As described in a May 1940 article in Times of India, “The style which is appropriate for an edifice of the Durbar order, is an adaptation of the traditional Indian architecture exemplified by the old palaces of Gujarat and Kathiawar. It seems a very good example of a new building exhibiting the characteristic features of the old works while conforming to the requirements of time and change”. 
The design uses architectural features such as Indian motifs, jaalis, domes and traditional Malad stone masonry, within the framework of a reinforced concrete structure. On the façade, one can see the symbols representing the Kutch coat of arms. The building has a large central hall on the ground floor, a darbar hall on the first floor and residential apartments in the northern and southern wings. The second floor consists of bedrooms on all corners with loggias on either side, with six columns and domes at each end. The octagonal towers connected by a central bay on either corner of the building are projected out to get the scenic views of the Malabar Hills and sea on the other side. The integration of traditional architectural features into the framework of a city palace was a common practice at the time, notably the peculiar addition of the darbar hall.
The exterior also followed this balance between the past and the present. It maintained the symmetry on either side of a central high point, while also streamlining it to match the Deco vocabulary of the city context. Today, this palace functions as the Walsingham House School.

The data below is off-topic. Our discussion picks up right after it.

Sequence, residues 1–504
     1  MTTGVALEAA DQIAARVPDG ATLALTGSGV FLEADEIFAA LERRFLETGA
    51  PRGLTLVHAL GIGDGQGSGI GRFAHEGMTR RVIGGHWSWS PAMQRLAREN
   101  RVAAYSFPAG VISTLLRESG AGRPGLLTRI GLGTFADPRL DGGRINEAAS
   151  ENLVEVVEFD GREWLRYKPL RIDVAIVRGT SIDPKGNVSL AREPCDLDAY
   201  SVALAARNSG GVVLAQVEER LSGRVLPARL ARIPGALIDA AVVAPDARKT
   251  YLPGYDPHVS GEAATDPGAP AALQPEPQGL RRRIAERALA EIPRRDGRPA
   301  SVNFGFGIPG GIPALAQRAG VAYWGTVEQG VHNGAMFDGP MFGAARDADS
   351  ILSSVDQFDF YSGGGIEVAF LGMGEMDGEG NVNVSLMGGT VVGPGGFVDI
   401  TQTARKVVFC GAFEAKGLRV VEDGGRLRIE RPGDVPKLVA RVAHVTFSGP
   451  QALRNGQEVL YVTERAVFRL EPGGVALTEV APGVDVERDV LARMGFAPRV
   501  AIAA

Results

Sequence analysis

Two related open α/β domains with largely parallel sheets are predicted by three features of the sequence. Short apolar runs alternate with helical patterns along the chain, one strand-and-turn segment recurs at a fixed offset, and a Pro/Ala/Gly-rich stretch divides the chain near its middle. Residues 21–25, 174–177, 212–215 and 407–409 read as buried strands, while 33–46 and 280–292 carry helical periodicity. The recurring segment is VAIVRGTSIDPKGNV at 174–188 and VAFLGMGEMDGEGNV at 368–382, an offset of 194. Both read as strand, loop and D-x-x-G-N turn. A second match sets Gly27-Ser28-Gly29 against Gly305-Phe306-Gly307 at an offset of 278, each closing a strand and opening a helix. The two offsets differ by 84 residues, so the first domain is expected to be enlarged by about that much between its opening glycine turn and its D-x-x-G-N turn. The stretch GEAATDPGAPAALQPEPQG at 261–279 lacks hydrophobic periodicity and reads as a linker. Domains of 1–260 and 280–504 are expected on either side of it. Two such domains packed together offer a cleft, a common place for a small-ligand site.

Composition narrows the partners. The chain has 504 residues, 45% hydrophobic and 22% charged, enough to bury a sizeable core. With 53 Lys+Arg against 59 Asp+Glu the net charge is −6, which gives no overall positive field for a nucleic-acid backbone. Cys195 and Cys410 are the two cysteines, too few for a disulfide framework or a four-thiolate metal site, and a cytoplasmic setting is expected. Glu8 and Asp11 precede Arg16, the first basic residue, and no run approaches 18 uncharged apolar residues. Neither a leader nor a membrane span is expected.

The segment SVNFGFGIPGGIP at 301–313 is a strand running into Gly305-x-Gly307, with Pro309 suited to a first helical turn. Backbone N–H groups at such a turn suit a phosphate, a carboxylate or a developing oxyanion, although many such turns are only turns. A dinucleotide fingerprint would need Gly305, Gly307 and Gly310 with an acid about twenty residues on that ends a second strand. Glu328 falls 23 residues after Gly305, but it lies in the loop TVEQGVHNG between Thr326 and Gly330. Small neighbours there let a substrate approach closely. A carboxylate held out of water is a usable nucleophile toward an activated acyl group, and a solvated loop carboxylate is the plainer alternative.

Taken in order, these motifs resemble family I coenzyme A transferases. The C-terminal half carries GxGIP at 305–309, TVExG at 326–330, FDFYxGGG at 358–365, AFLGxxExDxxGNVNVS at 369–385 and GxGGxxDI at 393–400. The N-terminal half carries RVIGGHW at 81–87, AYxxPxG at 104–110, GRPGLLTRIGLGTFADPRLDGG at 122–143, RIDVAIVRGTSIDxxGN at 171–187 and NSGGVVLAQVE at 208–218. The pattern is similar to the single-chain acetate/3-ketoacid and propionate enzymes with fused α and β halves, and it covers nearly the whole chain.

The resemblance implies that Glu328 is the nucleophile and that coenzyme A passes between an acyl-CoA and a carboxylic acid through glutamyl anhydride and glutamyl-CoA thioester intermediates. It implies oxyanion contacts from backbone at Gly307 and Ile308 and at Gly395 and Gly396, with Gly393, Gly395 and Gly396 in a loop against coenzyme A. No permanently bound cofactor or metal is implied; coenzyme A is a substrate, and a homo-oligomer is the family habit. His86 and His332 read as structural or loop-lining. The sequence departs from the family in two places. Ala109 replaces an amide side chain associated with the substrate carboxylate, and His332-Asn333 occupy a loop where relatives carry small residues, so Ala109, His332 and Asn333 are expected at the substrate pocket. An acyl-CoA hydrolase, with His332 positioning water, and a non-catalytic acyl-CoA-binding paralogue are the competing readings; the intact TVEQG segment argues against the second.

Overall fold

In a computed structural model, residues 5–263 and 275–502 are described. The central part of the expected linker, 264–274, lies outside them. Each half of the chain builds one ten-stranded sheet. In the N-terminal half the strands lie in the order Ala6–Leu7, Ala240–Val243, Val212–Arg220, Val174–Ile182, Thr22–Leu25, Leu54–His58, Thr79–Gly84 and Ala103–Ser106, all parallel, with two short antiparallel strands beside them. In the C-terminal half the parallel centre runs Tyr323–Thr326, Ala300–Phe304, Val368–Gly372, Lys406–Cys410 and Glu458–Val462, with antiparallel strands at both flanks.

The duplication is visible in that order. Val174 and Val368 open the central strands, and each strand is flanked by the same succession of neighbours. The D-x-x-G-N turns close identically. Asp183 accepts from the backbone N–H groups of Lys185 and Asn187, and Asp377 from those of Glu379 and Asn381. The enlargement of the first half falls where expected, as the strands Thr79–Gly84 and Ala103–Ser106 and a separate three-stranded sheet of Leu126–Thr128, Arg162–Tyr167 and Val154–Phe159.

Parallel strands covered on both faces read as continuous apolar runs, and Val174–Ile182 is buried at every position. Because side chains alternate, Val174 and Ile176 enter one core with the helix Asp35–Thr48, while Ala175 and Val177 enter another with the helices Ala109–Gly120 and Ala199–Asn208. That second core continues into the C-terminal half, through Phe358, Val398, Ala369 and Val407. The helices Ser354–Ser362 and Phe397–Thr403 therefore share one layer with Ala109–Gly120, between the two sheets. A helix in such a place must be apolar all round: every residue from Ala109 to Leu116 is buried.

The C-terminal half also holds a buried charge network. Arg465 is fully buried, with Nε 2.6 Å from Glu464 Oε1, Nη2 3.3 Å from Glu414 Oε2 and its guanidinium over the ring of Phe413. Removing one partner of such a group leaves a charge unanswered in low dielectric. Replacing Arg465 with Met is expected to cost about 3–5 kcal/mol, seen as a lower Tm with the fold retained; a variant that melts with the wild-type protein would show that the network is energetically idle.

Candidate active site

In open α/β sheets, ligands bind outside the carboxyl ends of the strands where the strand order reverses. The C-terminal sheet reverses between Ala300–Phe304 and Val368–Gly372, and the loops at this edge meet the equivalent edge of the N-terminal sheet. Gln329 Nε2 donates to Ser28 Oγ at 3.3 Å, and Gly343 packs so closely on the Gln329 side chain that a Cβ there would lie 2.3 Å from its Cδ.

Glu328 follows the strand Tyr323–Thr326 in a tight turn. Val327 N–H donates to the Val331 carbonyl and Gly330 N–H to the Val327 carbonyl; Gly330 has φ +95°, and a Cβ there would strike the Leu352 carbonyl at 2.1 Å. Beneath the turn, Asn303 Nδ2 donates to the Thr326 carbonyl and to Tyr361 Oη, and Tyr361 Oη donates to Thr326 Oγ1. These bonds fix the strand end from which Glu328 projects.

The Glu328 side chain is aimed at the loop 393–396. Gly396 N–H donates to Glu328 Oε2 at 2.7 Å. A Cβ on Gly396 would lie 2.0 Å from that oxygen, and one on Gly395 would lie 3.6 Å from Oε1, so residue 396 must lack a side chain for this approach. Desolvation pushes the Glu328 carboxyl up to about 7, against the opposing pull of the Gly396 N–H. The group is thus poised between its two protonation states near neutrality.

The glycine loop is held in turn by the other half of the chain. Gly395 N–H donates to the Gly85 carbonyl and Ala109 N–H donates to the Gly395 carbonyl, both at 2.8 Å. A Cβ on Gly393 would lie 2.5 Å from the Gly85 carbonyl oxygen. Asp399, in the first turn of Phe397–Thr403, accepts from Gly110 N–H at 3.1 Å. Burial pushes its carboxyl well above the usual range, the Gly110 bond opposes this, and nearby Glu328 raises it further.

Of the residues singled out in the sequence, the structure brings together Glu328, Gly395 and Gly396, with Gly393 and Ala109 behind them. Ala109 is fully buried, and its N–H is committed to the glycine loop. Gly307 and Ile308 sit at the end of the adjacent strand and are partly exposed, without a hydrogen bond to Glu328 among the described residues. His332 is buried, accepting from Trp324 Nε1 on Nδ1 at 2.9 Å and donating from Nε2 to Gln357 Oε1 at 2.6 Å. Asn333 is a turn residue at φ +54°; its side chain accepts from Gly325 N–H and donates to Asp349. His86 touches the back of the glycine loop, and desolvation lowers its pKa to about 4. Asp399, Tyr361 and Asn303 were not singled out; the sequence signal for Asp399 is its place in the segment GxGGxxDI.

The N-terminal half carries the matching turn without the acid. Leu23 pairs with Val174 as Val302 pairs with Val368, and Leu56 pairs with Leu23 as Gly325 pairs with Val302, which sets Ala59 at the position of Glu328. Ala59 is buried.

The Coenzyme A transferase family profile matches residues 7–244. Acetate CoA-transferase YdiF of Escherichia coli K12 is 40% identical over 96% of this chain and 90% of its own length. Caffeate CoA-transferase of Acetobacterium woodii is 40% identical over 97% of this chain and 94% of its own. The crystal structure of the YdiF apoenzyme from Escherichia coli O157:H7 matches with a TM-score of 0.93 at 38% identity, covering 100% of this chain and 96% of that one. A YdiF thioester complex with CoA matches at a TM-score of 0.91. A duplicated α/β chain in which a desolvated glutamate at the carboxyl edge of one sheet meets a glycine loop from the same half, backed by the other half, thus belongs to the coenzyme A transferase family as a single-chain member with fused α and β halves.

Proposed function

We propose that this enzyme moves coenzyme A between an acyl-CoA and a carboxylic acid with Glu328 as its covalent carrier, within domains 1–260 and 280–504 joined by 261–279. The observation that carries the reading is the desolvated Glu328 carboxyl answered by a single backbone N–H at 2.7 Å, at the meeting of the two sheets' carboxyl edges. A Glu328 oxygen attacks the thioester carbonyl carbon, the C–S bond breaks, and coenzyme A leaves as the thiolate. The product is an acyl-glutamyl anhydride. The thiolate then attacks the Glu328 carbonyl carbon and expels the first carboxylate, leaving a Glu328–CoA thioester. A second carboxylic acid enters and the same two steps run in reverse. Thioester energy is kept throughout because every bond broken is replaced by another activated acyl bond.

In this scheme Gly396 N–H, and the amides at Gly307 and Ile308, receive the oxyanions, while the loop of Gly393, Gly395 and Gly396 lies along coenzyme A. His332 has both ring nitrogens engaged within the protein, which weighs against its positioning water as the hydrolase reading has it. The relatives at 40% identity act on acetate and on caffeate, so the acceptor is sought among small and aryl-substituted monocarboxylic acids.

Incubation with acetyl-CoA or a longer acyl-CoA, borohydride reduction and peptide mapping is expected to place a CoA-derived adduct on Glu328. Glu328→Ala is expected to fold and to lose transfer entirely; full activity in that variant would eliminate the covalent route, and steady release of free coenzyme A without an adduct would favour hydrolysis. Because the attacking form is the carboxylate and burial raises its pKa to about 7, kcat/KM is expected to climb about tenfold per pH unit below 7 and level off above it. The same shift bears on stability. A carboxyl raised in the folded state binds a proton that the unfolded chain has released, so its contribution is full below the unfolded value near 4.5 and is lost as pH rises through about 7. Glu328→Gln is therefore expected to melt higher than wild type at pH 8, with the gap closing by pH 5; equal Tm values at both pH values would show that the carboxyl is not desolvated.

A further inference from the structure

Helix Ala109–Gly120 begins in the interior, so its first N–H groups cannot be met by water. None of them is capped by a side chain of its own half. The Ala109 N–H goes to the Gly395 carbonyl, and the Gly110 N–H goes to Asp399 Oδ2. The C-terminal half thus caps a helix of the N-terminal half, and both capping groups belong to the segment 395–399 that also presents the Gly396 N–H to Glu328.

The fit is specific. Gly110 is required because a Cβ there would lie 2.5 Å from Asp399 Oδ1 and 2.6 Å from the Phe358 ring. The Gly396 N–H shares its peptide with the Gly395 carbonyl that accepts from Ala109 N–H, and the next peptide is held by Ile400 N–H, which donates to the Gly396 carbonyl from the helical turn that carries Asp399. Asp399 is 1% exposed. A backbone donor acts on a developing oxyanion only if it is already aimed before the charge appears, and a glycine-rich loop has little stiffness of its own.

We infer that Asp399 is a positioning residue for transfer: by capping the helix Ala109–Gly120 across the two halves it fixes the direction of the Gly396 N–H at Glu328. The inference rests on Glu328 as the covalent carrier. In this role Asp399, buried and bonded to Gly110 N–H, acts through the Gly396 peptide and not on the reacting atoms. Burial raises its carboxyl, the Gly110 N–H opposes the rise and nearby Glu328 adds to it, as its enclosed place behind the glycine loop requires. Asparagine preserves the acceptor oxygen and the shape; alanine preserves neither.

Some other palaces of note in Bombay were the Wankaner House (Lincoln House) on Warden Road, built for Maharaja Amarsinhji of Wankaner in 1936, and the Bilkha House (now Ram Mahal), built for the Maharaja of Bilkha in 1939. Wankaner House was the first Indo-Deco style palatial residence built in this area. Designed by architect Claude Batley, it cleverly depicts the fusion of Art Deco and Indo Saracenic styles. 
The Bilkha House, designed by architect John Mulvaney, also became iconic for its clever conceptualisation of a setback courtyard at the corner, unlike any other Deco structure built at the time. The building was renamed Rafat Mahal after its acquisition by the Nawab of Rampur. The presence of these palaces, in close vicinity of the neo-gothic British monuments, distinctly marked a significant change in the city’s visual landscape.
While the palaces in Bombay followed the now established visual aesthetic in the city, back home, the princes had the freedom to contrast with their regional building vernacular. They often chose to build in the classic Deco style, identifying the globetrotting Maharajas with the cosmopolitan international culture of the Jazz age. 
Redefining Luxury – the New Palace in Morvi